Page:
In my 29 years I've never visited the place which is unusual with it being so close. Even a few people I had spoke to that were travelling through or on holiday in the region were surprised I'd never visited. Saying that most people probably travel further a field to visit places rather than what's on their door step.
Very friendly staff that are full of information and a good history lesson. I chatted to quite a few of them for a good 10 minutes before carrying on snapping away. Also the church of our lady was open the day I visited, beautiful little church with plenty of history and stories behind its building and extending that's happened since it was built in the 12th century.
Below is a brief history on Seaton Deleval Hall and the Church of our Lady. Enjoy the read!
The Deleval Family had owned the estate since the time of the Norman Conquest. Admiral Deleval purchased the estate from an impoverished kinsman, Sir John Deleval. George Deleval had made his fortune from capturing prize ships while in the Navy, and also served as a British envoy during the reign of Queen Anne. In 1718, he called on architect Sir John Vanbrugh to advise him on how to modernise and enhance the existing mansion. Upon viewing the site, Vanbrugh felt he could do nothing, and advised complete demolition of all except the ancient chapel near to the mansion, which is now the parish church or Our Lady.
His advise was taken and the construction work was completed in 1728, two years after the death of the admiral. The resulting new mansion was the last country house Vanbrugh designed, and it is regarded as his finest work. On completion, the admiral's nephew Francis Blake Deleval (the elder) inherited the property, and moved in immediately.
In 1775, the Newcastle portrait artist William Bell made two paintings of the hall, depicting the north and south fronts. Bell also painted portraits of many other residents of the houseat the time, earning earning him the patronage of Lord Deleval, a younger son of the above-mentioned Francis Blake Deleval. These paintings can still be seen in the Hall today.
In 1882, the central block was gutted by a fire said to have been caused by jackdaws nesting in the chimneys of the section of the south east-wing closest to the main house. This wing was subsequently demolished, and various openings can still be seen, now glazed, showing where it joined the central block.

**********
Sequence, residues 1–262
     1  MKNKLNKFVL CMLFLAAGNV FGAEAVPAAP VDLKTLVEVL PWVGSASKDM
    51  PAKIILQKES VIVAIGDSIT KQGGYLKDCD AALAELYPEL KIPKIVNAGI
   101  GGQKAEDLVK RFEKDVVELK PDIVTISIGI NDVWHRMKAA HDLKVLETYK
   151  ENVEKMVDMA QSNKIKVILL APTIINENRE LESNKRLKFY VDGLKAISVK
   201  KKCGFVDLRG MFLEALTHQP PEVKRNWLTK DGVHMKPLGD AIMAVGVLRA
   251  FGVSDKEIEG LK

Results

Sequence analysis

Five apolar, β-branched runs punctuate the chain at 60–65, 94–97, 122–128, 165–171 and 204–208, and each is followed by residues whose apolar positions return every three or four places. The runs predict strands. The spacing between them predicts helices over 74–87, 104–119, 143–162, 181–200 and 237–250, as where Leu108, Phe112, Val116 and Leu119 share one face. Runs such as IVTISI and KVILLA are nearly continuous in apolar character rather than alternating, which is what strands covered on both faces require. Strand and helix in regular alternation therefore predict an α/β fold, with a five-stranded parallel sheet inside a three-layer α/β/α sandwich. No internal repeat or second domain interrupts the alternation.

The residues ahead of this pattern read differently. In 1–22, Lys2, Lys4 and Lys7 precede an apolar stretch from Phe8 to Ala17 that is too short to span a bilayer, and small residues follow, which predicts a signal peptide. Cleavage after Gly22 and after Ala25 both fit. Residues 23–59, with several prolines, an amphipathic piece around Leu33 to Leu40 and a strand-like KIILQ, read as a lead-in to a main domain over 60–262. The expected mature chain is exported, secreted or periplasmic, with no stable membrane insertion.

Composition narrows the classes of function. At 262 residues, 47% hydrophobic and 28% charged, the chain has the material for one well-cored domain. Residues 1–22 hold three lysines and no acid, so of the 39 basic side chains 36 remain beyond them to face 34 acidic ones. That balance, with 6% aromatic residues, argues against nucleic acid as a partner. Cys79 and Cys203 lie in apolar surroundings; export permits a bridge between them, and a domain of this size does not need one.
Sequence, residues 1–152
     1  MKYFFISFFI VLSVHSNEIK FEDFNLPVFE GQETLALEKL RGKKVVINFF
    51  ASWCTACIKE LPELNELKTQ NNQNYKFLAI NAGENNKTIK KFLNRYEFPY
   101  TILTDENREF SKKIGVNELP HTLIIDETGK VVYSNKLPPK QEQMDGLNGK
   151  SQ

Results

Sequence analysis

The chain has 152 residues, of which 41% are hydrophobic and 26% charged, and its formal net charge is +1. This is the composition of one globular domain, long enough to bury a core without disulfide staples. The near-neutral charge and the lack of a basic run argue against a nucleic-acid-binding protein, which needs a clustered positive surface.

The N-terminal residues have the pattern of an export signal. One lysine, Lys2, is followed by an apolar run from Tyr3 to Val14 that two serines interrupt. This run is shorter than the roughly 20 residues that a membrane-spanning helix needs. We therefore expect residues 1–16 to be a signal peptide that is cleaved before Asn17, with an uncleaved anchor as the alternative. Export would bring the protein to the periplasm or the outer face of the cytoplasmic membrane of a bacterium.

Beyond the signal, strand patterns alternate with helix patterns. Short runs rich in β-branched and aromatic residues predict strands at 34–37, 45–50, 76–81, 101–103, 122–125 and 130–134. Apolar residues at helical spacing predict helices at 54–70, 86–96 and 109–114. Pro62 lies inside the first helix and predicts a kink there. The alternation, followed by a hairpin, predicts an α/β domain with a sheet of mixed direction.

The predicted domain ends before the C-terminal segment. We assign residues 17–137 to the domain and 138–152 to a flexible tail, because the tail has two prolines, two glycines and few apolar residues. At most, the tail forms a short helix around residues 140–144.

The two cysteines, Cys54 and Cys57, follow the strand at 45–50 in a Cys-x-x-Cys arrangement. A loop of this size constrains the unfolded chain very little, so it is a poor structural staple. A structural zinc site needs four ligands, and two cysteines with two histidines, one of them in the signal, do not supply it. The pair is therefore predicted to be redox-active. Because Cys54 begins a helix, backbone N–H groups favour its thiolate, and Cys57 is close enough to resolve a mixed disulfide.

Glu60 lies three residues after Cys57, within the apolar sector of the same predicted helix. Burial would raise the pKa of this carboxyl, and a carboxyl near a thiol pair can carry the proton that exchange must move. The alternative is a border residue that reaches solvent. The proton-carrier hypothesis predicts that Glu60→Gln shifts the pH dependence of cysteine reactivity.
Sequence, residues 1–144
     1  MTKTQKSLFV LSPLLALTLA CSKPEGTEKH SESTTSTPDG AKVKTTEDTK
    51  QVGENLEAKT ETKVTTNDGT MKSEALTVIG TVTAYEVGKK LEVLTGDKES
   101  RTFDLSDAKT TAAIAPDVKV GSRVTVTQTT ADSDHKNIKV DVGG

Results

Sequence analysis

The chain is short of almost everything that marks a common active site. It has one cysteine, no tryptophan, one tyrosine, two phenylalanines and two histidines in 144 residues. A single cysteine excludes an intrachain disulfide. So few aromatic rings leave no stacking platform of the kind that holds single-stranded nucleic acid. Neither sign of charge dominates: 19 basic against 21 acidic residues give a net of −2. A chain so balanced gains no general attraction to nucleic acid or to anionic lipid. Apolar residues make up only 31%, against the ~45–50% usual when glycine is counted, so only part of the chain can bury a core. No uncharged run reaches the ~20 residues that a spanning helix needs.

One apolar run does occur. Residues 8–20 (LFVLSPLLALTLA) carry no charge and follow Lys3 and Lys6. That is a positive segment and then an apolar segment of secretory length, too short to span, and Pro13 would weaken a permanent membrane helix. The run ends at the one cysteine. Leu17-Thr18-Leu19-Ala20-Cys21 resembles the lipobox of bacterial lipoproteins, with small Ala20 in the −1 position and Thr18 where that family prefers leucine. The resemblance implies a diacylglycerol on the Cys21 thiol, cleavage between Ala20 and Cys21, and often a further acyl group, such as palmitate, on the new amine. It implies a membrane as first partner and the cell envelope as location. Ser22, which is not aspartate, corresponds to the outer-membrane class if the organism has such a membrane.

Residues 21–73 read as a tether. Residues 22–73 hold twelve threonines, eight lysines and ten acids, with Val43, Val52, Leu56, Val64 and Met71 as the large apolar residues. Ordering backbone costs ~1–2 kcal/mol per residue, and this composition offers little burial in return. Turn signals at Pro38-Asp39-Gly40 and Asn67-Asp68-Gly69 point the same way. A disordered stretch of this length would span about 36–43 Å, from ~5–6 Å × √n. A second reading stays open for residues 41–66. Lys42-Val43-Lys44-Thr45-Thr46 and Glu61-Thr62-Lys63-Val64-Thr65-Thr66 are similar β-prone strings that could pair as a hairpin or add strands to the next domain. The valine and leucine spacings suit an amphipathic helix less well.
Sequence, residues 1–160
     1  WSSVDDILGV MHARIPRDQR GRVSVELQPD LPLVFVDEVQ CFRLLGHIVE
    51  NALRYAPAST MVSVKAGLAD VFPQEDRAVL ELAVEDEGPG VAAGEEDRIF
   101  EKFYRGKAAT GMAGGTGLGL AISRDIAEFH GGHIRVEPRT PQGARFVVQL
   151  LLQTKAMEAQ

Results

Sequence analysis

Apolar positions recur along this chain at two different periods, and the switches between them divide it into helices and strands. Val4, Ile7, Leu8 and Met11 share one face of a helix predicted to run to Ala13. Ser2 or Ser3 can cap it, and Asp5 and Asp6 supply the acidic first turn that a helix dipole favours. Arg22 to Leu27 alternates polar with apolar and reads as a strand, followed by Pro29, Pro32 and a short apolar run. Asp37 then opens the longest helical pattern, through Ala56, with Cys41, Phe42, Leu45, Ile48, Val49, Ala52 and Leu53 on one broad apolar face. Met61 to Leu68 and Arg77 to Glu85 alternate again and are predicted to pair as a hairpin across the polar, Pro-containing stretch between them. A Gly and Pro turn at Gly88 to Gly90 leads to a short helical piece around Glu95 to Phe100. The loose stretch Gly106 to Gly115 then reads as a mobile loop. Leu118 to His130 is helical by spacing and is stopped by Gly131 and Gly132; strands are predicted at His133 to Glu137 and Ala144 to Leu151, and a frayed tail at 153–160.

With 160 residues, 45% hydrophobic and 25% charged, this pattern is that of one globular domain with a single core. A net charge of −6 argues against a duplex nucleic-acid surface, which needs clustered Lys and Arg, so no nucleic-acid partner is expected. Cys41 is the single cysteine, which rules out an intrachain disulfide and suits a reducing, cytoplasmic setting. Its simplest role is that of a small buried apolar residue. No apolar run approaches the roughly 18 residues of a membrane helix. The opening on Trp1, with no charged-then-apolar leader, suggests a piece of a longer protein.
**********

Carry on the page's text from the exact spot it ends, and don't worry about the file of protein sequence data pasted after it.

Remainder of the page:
The house was partially restored by the architect John Dobson in 1862-63, when the central block was re roofed, although it remained a shell internally, the effects of the fire remain clearly visible in the great hall, originally 30 feet but now open to the roof, with blackened walls and muse statues.
During the second World War the Hall was used to house German prisoners-of-war, who worked as labourers on neighbouring farms.
Subsequently the 23rd Baron Hasting, Deleval Astley, wishing to preserve the future of the Hall and encourage greater public access, began discussions with the National Trust on 1 September 2008 the National Trust launched an appeal for 6.3 million to bring the hall, with its gardens and grounds, into the Trust's custody. In December 2009, the Trust announced that its appeal had been successful and the purchase having gone through, the Hall opened to visitors again on 1 May 2010.
Church of our Lady
The Church of our Lady lies within the grounds of Seaton Deleval Hall, just off the Avenue which runs between Seaton Sluice and Seaton Deleval. The Church was built by Hubert De Laval and dedicated in 1102 by bishop Flambard, of Durham. It was the private chapel of the Deleval family until becoming the parish church in 1891. It's chancel, choir and nave are separated by Norman arches and blocked up window and stonework in the north wall of the nave are suggestive of pre-Norman origins. The nave has a classical 18th century ceiling.
Finally what this blog is all about, the photos. Below are a few photos I took from my visit there. Don't forget to check my Instagram feed and Facebook for all my latest photos. Until the next time guys, thanks for looking!!